The separation of oil and water from wastewater generated in the oil-production industries, as well as in frequent oil spillage events, is important in mitigating severe environmental and ecological damage. Additionally, a wide arrange of industrial processes require oils or fats to be removed from aqueous systems. The immiscibility of oil and water allows for the wettability of solid surfaces to be engineered to achieve the separation of oil and water through capillarity. Mesh membranes with extreme, selective wettability can efficiently remove oil or water from oil/water mixtures through a simple filtration process using gravity. A wide range of different types of mesh membranes have been successfully rendered with extreme wettability and applied to oil/water separation in the laboratory. These mesh materials have typically shown good durability, stability as well as reusability, which makes them promising candidates for an ever widening range of practical applications. © 2016 Elsevier B.V.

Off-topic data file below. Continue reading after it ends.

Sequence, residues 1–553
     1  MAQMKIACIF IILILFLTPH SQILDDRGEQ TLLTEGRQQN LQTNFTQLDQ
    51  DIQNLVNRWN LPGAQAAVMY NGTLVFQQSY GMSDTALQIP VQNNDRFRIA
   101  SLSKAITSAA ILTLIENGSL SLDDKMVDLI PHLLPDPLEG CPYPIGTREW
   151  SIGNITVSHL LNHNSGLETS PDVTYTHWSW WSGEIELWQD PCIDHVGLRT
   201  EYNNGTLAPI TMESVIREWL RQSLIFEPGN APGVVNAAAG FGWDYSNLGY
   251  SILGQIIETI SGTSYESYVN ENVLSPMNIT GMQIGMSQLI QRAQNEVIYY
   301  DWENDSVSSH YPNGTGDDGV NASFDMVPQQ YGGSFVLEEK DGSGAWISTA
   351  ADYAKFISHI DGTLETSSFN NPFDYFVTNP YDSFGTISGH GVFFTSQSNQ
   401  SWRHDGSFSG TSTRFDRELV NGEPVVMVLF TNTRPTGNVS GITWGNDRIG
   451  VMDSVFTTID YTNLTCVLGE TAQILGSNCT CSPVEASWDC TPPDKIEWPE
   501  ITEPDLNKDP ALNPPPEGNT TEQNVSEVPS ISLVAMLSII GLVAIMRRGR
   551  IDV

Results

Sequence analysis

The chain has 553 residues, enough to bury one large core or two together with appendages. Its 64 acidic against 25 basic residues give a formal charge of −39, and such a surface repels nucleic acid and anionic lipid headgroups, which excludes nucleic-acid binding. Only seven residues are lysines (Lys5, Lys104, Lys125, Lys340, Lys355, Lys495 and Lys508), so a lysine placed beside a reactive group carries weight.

Bibliographical noteKAUST Repository Item: Exported on 2020-10-01
Acknowledgements: YL and ZL acknowledge KAUST Center competitive grant FCC/1/1972-16-01. HC and VC acknowledge the Australian Research Council (ARC)'s support in the forms of Discovery Projects DP1095998, DP140102371 and Postdoctoral Research Fellowship DP1095998 and Future Fellowship programs FT 100100449.